Information Processing Theory (IPT)

Three instructional applications of the information processing theory (IPT) are outlined by Schunk (2016): advance organizers, the conditions of learning, and cognitive load.  Advance organizers present general information at the beginning of a lesson in order to direct attention to important concepts and emphasize connections, both between the new concepts to be learned and the new concepts’ relationship to prior knowledge.  Advance organizers are driven by Ausubel’s theory of meaningful reception learning, which posits that learning is most meaningful, and therefore most effective, when it has a systematic relation to information in a learner’s long-term memory.  Advance organizers can either be expository, introducing new information needed for learning, or comparative, linking new material to information already in a student’s long-term memory (Schunk, 2016, p. 196).

 A practical classroom usage of advance organizers is the KWL chart, which is a graphic organizer that links what students know, what they want to know, and what they learn throughout the process.  Within my freshmen classes, we utilize this tool to enhance reading comprehension and cement specific literary concepts.  When students begin the lesson by considering information with which they are already familiar, it fosters a comfortable environment that leads to increased focus and interest.

 While advance organizers are focused on preparation for learning, applications based on Gagne’s conditions of learning principles also focus on the process of acquiring new information.  This theory involves the learning outcome goals, of which there are five types (intellectual skills, verbal information, cognitive strategies, motor skills, and attitudes), as well as the learning events or important factors in achieving the learning outcomes.  These learning events come in two forms: internal and external conditions.  Internal conditions represent a learner’s current capabilities, or the information already in their long-term memory.  All of the information processing applications focus on how new information is added to long-term memory.  The external conditions needed for a learning outcome might vary depending on the desired learning outcome and each learner’s internal conditions.  An application of internal conditions would be learning hierarchies, which are organized sets of the skills needed to acquire a target skill.  These hierarchies are devised by asking what prerequisites are needed for the target skill and then what prerequisites are needed for those prerequisites, all the way down to the learner’s current skills.  Thus, there is a scaffolded plan for building the learner’s skills up to the target skill.  External conditions are instruction which includes nine phases of learning grouped into three categories. First, preparation for learning primes the areas of long-term memory relevant to the topic being studied, similarly to advanced organizers.  Second, acquisition presents the new information and transfers it to the long-term memory.  Finally, transfer of learning phases train the learner to retrieve the newly acquired information and apply it to different domains (Schunk, 2016, pp. 197-201).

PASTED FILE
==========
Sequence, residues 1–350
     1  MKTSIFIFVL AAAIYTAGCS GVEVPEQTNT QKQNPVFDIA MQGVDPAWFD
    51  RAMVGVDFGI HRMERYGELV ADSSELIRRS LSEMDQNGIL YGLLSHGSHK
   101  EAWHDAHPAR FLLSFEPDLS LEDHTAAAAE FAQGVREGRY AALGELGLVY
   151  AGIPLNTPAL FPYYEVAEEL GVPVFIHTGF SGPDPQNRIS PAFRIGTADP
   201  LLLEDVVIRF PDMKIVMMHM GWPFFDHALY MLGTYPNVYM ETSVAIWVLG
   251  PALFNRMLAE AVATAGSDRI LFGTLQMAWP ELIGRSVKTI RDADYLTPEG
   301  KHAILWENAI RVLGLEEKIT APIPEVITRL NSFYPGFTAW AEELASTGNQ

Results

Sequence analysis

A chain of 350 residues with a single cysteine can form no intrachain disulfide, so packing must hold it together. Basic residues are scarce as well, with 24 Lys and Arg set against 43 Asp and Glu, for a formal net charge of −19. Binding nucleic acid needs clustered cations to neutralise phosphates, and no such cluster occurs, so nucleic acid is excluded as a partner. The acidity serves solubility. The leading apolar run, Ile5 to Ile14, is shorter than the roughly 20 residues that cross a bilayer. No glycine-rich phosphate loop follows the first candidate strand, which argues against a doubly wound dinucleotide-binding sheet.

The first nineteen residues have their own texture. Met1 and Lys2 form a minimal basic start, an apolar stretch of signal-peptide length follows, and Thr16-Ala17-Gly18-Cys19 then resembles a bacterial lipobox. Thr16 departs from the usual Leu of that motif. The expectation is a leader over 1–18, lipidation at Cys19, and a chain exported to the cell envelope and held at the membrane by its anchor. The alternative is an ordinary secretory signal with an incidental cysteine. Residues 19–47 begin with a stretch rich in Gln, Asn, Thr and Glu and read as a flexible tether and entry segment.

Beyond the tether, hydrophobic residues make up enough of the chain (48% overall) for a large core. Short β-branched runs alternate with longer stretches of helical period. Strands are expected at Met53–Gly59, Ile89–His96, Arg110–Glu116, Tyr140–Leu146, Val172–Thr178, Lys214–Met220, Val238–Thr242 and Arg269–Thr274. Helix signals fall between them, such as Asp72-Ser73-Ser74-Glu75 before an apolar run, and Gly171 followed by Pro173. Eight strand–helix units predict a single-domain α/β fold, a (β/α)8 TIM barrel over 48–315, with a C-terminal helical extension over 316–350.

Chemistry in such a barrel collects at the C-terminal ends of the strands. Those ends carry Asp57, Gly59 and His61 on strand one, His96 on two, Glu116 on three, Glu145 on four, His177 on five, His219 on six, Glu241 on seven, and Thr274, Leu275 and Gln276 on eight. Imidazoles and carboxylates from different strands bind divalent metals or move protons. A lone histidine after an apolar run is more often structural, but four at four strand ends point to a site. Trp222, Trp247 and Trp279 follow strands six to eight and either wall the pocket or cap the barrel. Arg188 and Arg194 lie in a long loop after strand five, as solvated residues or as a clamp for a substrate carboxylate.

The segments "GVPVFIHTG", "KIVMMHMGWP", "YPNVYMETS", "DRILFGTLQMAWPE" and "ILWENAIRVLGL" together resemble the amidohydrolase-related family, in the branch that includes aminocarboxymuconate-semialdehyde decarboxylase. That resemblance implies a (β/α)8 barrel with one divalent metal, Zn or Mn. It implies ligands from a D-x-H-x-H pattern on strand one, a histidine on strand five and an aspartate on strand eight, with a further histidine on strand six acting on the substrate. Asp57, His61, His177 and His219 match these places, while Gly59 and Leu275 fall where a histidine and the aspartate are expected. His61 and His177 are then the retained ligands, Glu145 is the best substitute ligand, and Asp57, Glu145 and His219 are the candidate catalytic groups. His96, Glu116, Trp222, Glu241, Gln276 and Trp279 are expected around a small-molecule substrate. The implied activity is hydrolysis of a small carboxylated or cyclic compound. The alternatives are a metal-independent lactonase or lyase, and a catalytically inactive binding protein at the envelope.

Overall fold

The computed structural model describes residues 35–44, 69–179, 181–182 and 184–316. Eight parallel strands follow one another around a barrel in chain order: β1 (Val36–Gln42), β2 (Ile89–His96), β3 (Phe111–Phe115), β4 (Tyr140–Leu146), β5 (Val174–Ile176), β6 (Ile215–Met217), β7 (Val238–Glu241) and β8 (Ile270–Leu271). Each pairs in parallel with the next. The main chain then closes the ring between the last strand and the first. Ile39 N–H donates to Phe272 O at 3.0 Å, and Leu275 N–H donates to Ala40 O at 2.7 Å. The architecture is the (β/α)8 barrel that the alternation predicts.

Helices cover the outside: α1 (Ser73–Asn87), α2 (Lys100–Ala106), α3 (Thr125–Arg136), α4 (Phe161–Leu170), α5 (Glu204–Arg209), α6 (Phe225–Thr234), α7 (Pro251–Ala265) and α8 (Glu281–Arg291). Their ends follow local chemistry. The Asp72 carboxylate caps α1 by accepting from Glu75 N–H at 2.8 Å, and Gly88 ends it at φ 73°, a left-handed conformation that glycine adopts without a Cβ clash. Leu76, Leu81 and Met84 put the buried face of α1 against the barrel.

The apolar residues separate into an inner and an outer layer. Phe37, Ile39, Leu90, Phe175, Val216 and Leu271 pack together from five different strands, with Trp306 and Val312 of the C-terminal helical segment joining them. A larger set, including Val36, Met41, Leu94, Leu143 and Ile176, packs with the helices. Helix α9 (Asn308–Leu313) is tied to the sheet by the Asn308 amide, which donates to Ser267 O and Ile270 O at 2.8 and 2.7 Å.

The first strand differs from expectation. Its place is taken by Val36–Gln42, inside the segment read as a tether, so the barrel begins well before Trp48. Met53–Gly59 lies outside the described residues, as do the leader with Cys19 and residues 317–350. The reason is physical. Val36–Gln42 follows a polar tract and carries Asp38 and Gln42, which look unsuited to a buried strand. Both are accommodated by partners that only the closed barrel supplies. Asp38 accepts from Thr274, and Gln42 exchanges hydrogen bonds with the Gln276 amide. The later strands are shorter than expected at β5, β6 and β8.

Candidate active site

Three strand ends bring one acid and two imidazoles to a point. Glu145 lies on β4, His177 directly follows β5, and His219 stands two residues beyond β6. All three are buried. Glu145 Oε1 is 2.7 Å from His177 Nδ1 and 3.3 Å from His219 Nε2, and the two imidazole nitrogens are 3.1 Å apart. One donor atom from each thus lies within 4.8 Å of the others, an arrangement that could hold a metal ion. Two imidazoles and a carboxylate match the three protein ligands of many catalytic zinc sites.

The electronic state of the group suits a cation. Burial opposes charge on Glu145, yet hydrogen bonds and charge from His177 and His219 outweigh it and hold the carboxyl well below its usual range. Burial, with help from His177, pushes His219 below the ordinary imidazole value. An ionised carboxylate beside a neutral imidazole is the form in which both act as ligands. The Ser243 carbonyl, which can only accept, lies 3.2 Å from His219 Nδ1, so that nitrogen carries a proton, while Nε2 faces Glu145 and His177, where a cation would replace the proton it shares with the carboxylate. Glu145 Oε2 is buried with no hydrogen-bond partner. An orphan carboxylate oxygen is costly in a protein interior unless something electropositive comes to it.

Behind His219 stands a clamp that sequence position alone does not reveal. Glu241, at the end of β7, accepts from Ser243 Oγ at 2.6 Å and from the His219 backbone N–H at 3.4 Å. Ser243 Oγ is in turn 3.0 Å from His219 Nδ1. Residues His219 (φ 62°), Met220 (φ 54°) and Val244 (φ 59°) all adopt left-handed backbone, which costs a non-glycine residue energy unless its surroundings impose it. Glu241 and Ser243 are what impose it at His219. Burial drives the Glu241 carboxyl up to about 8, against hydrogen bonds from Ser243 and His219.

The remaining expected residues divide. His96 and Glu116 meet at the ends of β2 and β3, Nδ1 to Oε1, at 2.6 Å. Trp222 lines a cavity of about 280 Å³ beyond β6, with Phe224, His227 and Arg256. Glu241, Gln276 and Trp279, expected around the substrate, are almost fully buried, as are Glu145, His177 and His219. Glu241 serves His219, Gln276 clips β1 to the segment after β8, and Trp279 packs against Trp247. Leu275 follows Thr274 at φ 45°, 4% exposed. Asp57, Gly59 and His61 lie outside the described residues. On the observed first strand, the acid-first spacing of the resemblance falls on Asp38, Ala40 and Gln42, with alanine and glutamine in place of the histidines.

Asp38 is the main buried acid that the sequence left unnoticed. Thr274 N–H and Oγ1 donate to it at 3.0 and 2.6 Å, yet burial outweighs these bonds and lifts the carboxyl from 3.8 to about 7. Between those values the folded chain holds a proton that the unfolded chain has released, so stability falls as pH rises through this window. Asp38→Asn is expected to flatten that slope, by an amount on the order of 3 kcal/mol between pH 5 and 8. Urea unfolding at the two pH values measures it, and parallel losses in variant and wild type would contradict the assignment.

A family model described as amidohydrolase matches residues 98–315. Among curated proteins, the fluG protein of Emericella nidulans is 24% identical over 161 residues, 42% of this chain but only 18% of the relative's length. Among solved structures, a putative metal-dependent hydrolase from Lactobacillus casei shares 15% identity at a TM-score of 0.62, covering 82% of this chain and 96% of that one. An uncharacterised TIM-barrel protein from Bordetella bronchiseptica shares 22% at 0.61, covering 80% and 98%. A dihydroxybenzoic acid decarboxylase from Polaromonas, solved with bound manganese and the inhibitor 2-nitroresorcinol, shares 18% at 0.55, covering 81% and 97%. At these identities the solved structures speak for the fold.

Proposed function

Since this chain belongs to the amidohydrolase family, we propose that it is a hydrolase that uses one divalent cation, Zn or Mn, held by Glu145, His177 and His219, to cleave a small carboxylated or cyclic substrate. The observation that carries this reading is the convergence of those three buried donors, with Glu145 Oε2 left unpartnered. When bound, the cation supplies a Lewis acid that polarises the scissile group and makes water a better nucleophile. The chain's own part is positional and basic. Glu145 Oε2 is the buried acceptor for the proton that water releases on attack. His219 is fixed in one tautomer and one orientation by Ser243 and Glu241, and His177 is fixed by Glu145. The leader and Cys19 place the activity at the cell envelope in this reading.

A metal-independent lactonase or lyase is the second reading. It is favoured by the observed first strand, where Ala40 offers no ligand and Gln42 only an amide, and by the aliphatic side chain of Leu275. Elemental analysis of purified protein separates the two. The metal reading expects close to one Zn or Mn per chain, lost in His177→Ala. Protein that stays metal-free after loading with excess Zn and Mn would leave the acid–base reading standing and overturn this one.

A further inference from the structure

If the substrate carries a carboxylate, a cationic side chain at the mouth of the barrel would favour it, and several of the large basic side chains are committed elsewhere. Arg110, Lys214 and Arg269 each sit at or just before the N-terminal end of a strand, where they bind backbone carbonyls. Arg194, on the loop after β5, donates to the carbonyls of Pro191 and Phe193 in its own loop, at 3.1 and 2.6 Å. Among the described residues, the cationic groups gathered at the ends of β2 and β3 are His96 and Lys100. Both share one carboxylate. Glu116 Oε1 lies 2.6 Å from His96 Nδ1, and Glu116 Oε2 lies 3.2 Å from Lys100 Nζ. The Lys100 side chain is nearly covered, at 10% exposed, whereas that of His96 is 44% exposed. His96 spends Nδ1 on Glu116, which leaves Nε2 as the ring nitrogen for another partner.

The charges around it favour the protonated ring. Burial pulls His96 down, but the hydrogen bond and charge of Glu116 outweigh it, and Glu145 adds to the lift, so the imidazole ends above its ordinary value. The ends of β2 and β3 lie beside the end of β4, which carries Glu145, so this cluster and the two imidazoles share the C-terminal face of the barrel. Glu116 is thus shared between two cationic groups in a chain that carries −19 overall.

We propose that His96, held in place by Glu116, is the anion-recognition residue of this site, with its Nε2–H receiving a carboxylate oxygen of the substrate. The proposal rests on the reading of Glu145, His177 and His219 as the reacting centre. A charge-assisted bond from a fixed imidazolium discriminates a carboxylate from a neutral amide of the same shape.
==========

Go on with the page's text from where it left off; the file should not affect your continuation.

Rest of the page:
Cognitive load focuses on the limits placed on information processing by a learner’s working memory and takes these limitations into account for instruction design.  There are two types of cognitive load: intrinsic cognitive load, which stems from the difficulty of acquiring the new knowledge itself, and extrinsic cognitive load, which is caused by unnecessary distractions or other difficulties unrelated to the knowledge.  There are three types of cognitive processing demands: essential, extraneous, and generative.  Essential and extraneous processing are similar to intrinsic and extrinsic load, respectively, while generative processing is a higher-level functioning that organizers and contextualizes information relative to prior knowledge.  Clearly, it is desirable to minimize extraneous load, a task which could be furthered by the use of scaffolding techniques that build up to complex topics from simple ones and prior knowledge.  This is similar to the use of learning hierarchies suggested by the conditions of learning framework (Schunk, 2016, pp. 201-202).

Schunk, D. H. (2016). Learning theories: An educational perspective – With access (7th ed.). Upper Saddle River, NJ: Pearson.

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